Opponents aspiring to knock defending WNBA champion Seattle off the throne must have been galled by the apparent greed of the Storm.
Adding Katie Smith to the lineup has to appear like such a gaudy redundancy.
What more do they want, after all? Wasn’t it enough to have a roster that included such All-Stars as Lauren Jackson, Sue Bird and Swin Cash?
Wasn’t it enough to win all 21 home games last season on the way to a 28-6 regular-season record and three playoff series sweeps?
What could this team do to get better?
Well, the Storm went out and added the third-highest scorer in the history of the league. And as talented and competitive as is the returning core of the Storm, Smith could be the one player who makes certain nobody even thinks about getting complacent.
Smith turns 37 today as the Storm opens its title defense at KeyArena against Phoenix (ring ceremony at 11:30 a.m., tipoff at noon).
She brings three Olympic gold medals, championship experience and a reputation that causes every coach, teammate and analyst to begin an assessment of her with the word “tough.”
“Toughness? Yeah, I like to think I have a certain toughness to me,” Smith said. “My career speaks for that, I guess. You obviously don’t play this long without having that type of toughness to be able to withstand what we go through.”
A 5-foot-11 guard, Smith can play any position on the perimeter. And, having played in the ABL and WNBA for Storm coach Brian Agler, she’s already familiar with the demands of his intricate defensive schemes.
Plus, she’s familiar with other key players, having been Bird’s teammate on two USA Olympic teams and playing with Cash for a title in Detroit.
“She’s a proven winner,” Cash said. “She’ll get down and dirty; she just brings veteran leadership and an aggressive style of play that’s going to fit well with our team and also with our fans.”
Jackson knows all about toughness, having been the target of defenses around the world for more than a decade. And even she believes Smith “definitely brings a lot more toughness she doesn’t back down from anyone.”
Smith was offered more money to stick with the Washington Mystics but chose to rejoin Agler in Seattle. “He’s somebody I respect, and he’s a friend,” Smith said. “He’s got a toughness to him, too; he competes and he wants to win. I enjoy playing for him and am excited to do it again.”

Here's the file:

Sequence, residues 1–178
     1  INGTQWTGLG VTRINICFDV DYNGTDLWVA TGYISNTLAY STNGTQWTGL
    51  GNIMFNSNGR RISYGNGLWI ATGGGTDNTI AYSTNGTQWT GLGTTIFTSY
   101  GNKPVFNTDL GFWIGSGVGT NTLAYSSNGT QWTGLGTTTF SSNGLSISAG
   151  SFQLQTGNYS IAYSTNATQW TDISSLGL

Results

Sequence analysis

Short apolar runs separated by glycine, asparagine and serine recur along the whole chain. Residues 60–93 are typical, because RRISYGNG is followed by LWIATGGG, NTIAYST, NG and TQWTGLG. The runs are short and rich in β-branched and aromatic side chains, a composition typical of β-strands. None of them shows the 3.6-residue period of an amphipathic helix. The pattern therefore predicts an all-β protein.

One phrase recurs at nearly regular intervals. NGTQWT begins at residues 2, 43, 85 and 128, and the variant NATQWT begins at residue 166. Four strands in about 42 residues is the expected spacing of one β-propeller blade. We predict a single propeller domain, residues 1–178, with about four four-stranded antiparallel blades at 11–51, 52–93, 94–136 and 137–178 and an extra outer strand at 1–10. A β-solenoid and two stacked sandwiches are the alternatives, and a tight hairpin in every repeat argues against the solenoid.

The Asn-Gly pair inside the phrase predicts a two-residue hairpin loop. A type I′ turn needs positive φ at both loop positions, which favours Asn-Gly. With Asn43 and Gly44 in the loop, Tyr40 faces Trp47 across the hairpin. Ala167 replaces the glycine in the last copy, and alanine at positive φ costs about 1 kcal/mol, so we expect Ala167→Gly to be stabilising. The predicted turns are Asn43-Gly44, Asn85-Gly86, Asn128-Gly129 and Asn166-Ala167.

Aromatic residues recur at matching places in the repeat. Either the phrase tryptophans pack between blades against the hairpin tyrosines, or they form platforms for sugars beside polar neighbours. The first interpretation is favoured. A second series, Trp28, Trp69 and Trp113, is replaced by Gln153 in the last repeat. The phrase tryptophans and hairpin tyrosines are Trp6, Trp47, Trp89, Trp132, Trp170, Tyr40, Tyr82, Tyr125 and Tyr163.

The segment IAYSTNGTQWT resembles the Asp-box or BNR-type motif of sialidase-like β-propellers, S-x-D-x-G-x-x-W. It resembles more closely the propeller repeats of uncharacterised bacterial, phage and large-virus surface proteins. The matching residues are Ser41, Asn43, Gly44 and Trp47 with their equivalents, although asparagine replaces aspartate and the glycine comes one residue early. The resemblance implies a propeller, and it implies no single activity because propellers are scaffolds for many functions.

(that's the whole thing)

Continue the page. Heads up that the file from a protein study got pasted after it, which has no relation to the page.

Agler had no worries about adverse chemical reactions adding Smith to a roster already blessed with veteran leadership.
“Knowing her and her experience, she is going to be easily integrated,” Agler said. “She’s such a versatile player. She has a toughness to her – physically and mentally – that we like, and she has a good history with a lot of people in our organization.”
A prime factor in easing Smith’s assimilation is that an enlarged ego is not one of her characteristics.
“I have a strong personality, but I fit in,” she said. “I’m not somebody who is going to cause any problems. You come and do your job. You bring what you can to the table and sit back and figure out how to play and get into the system they obviously have established.”
“It’s not that difficult; it’s just basketball,” she said. “It’s about playing together and playing hard. You do that and it’s really an easy deal.”
Smith saw limited duty in the preseason, nursing Achilles’ tendinitis. When asked how she expected to be used by the Storm – starter or reserve – she shrugged. Doesn’t matter.
Her expected role? “I’m going to be used however it works best for the team,” she said. “It’s about being as efficient as I possibly can be when I’m on the floor.”
In short: “Just doing whatever it takes to win a game.”
The 2010 Storm already did a lot of that. But Smith will have an important role in reminding the 2011 crew how to get it done.
Dave Boling: 253-597-8440 email@example.com